For several days up until that moment of the taking of the oath, all of the detailed planning for the pomp and circumstance that would envelop the majesty of the event went without a hitch. On April 14th of 1789, a special Congressional courier dutifully rode his horse to Mount Vernon to deliver the news to Washington that the Inauguration would take place on April 30th at New York City. Within a few days, Washington began his journey north by horse but even before he crossed the Potomac River, a stone's throw from his mansion, multitudes of well wishers greeted him peacefully and reverently. Historians tell us that the reception in his own backyard was the start of an ovation that continued for the 300-mile journey. Moreover, it became more and more of a celebration as the 57-year-old war hero trudged northward.

It was a joyous trip attendant with cannon salutes, fireworks, lavish banquets, marching men, waving women, and children who broke out in song and dance. After all, who can blame these patriots from the Revolutionary War for their joy because with Washington the acclaim was as much for the man as for his office. He had been America's first war hero; he had been the idol of the soldiers under his charge and of a populace recently freed and independent; his skill at compromise at the first Constitutional Convention was greatly responsible for our nation's early success; and he had borrowed $30,000 against his own property to pay for the salaries of his nation's Army when the first Congressional Congress couldn't raise the money itself! In short, George Washington was already a triumphant figure as he slowly made his way towards the inaugural event.

Meanwhile, as the President-elect enjoyed what can only be called an elaborate one man parade, the statesmen in New York City deliberated on the most minute details of the inaugural event itself. In fact, it is said that the increasing fervor of the throngs of people from town to town unnerved Washington to such a degree that he sent word ahead to his Vice President John Adams that he hoped and prayed that the Inauguration itself would go forward without a hitch. As the big day approached, decisions were confirmed on who was to sit where, on how Washington himself was to be addressed, on what color the drapes and curtains would be, on where the furniture at the great Senate Chamber of Federal Hall on Wall Street would be arranged, on every single detail involving the day's decoration except for one . . . no one, from Washington and Adams on, gave nary a thought about the Bible that would form the springboard for our very first Inauguration!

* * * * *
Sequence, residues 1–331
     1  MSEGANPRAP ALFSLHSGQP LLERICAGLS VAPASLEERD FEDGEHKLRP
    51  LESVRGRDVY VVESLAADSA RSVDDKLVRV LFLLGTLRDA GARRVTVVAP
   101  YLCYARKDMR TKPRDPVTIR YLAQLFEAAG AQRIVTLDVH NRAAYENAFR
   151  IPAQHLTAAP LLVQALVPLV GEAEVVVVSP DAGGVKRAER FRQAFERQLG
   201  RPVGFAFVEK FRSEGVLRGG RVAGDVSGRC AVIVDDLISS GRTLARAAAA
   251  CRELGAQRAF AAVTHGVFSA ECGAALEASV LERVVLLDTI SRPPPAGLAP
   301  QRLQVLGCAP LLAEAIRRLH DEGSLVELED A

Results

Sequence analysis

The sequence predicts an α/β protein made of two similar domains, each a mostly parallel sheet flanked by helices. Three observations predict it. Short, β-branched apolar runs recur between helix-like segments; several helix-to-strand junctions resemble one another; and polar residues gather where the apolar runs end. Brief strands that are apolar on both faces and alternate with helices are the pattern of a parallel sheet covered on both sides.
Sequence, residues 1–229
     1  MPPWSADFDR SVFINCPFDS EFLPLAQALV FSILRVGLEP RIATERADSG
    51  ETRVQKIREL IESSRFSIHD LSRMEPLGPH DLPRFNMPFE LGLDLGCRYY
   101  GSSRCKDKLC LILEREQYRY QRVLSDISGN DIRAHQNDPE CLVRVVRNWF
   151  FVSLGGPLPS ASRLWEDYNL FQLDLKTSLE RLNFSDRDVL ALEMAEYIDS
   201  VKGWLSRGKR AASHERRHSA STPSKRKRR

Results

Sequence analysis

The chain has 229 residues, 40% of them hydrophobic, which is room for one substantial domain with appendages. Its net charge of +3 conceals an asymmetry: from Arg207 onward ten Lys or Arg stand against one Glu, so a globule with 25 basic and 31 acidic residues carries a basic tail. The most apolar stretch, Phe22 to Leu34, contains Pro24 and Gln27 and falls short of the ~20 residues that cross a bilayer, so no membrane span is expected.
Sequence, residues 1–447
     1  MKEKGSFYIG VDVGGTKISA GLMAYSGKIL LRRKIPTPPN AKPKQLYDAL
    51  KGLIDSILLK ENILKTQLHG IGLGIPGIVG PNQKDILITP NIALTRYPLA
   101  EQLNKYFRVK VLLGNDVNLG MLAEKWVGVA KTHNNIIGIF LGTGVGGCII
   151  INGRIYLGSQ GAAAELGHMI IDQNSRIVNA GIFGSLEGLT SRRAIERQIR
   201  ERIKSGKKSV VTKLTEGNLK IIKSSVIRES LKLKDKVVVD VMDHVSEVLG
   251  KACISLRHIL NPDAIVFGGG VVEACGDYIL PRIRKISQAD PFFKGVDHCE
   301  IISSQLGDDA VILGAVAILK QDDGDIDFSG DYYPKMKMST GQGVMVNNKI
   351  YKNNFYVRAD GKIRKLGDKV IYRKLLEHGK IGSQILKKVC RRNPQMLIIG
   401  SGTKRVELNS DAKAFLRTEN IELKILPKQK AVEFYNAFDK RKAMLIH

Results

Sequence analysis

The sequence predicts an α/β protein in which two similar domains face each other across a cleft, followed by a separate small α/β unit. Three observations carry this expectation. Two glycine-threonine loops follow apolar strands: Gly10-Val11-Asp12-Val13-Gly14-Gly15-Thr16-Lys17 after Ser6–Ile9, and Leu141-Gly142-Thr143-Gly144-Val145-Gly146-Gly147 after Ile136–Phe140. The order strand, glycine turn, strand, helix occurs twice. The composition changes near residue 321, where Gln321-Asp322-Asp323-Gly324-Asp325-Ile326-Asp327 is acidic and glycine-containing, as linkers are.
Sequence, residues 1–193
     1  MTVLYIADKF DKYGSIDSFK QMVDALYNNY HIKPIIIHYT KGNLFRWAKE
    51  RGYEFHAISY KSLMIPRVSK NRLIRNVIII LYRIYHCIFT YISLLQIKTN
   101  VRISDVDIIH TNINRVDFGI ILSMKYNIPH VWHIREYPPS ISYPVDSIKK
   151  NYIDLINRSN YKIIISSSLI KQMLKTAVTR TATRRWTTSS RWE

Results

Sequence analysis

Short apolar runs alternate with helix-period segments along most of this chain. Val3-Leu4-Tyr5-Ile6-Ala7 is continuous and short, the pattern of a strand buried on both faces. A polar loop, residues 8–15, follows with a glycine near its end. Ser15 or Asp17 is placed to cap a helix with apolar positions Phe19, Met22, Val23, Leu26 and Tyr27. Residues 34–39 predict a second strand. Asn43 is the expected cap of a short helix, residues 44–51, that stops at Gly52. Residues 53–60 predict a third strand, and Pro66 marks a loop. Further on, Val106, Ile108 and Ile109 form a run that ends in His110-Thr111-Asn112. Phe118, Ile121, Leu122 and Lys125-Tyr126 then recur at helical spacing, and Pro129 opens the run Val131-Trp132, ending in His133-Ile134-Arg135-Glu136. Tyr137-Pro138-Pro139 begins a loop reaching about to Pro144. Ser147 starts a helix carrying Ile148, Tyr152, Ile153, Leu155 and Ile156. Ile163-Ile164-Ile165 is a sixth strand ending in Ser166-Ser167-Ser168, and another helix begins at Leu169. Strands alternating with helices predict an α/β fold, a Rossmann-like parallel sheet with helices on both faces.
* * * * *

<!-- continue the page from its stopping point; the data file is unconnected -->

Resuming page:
Perhaps Washington, traveling from Virginia, assumed that Adams or his Congressional brethren would have provided the Bible. Or perhaps those from New York City assumed that Washington would provide one of his many personal Bibles for the great event. Who knows? Have you ever made a business trip and forgotten your alarm clock? Maybe it was as simple as that! For whatever the reason, the fact remains the same, for once the big day dawned and the eyes of the newly formed nation rested solely upon the historical event at Federal Hall, the almost President and assorted dignitaries were about to make an unwelcome discovery.

April 30, 1789

Inauguration Day was clear and cool when it finally arrived. Foreign ambassadors and statesmen alike jammed their way into Federal Hall. Townspeople mingled with their neighbors from other states to crowd the roads leading to Federal Hall and Wall Street itself. Historians tell us that at precisely 11:00 a.m., the Senate door swung open and the House Speaker, escorted by three Senators and Representatives from the House, went downstairs to a waiting carriage. Suddenly, it is said that Washington himself appeared at the door, exchanged nervous greetings with fellow statesmen, paused only a moment to acknowledge the cheers from his countrymen, and entered the Hall for the swearing in.